Elizabeth Clare Prophet, can you tell us who Paul the Venetian is?
Paul the Venetian is the chohan, or Lord, of the third ray.
He is an ascended master whose final incarnation was lived as Paolo Veronese, the great Italian artist of the Venetian school. He lived in the sixteenth century and many of his great works, which hang in London, Paris, Madrid, Washington and New York, are of religious scenes.
He portrayed episodes in the life of Christ in such works as The Marriage at Cana, The Presentation in the Temple, The Via Dolorosa, Christ and the Centurion, and The Resurrection. One painting, entitled The Holy Trinity, he completed after his ascension. It hangs in his retreat, the Château de Liberté, in southern France.
The retreats of the ascended masters are on the etheric plane but they are often congruent with a physical focus. The physical focus of beloved Paul’s Château de Liberté retreat is a private château maintained by a French family.
The Holy Trinity embodies the essence of the inscription beneath it: “Perfect love casteth out fear.” This painting is viewed by souls who come as students of the master. Paul has portrayed the heavenly Father in a majestic figure, and the Son in the likeness of Jesus, and the Holy Spirit as an immense white dove with a nine-foot wing span.
Focuses Of The Flame of Liberty
The ascended master known as the Goddess of Liberty is the Mother of the flame of liberty and the sponsor of Paul the Venetian. The Statue of Liberty (a gift of France to America) is the focus of her flame in New York Harbor. The flame of liberty that burns both in the heart of France and in the heart of America inspired the movement for independence in the French Revolution and the American Revolution. It is this flame of liberty, shared by the people of France and America, that binds us in our common devotion to freedom.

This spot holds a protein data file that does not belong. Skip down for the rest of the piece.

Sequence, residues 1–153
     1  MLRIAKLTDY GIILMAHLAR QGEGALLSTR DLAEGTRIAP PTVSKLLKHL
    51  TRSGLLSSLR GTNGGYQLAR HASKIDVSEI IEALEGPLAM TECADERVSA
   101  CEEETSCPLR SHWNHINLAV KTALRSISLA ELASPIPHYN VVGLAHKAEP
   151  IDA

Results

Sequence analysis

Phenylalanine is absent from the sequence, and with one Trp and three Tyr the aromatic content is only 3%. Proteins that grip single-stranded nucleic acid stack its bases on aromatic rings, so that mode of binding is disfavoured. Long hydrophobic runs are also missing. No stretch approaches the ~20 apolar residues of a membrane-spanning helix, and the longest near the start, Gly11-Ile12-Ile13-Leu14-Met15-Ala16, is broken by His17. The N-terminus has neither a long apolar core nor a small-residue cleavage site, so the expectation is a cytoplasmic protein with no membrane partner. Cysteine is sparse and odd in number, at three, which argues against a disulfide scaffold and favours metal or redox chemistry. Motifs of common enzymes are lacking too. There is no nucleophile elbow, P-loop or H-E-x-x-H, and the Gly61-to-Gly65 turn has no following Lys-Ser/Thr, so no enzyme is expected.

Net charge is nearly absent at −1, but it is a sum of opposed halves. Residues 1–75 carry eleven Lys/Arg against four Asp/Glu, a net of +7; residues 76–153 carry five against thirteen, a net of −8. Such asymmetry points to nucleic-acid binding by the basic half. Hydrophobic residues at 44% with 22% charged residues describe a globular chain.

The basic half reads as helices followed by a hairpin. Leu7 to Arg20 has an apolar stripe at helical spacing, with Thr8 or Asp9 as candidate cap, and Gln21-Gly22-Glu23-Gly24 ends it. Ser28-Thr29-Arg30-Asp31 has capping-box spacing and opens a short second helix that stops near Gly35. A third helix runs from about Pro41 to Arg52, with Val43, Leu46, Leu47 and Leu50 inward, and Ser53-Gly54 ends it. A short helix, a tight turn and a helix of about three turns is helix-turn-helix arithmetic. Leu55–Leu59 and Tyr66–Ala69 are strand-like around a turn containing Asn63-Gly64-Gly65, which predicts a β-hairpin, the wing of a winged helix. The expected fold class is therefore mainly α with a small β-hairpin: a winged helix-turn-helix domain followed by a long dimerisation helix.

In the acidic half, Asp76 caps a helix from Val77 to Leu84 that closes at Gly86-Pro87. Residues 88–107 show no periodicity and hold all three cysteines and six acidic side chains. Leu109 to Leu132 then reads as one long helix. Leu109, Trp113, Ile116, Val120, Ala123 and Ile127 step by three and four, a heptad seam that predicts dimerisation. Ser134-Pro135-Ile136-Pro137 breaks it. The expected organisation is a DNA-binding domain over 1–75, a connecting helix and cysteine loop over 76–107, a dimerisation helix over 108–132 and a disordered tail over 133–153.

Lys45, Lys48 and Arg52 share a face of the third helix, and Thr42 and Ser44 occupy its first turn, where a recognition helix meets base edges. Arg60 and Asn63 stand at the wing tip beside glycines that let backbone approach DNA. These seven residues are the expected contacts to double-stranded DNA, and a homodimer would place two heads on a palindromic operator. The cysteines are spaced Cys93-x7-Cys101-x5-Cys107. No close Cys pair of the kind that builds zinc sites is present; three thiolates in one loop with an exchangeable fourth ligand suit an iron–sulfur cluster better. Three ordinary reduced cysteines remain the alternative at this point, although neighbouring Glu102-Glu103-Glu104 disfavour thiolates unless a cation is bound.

The threefold flame of liberty is identical to the threefold flame in the heart—in fact, it is simply another name for it. And that liberty is the freedom of the soul to choose to be God incarnate.
The threefold flame of liberty is the perfect fusion of the elements of Father, Son and Holy Spirit. And upon this foundation Paul teaches his disciples the meaning of love as a discipline of the qualities of the Trinity in each of us.
He bids us welcome to his retreat as our souls journey at night while our bodies sleep. He welcomes us to one or more of the many workshops in his retreat where we can perfect our art, our sculpture and the very design of the soul on the path of initiation.
He takes us individually to a room where there is a canvas and he asks us to meditate upon our own Christ consciousness and to bring forth our own self-image of the Christ. It’s a self-portrait of the Real Self.
Some of us have gone there hundreds of years ago and we come again in this embodiment and view the painting that we painted long ago of our conception of the Christ within.
Through evolution and a greater oneness with God, we have improved that awareness and so we ask Paul if he might not allow us to repaint the painting. And this is the idea of discipline—Paul knows his disciples will return, constantly perfecting the image of the Christ within in preparation for the path of the ascension.
Mrs. Prophet, can you tell us about the relationship between love and art?
Art is the expression of the love of the soul and it is intended to portray the footsteps on the path of initiation—the stations of the cross, the waymarks of our overcoming of our trials and our tribulations.
Love, the cohesive power of the universe, is the foundation of life and is in every cell, and therefore love is a geometry of being. And that geometry brought forth is intended to be exalted in art.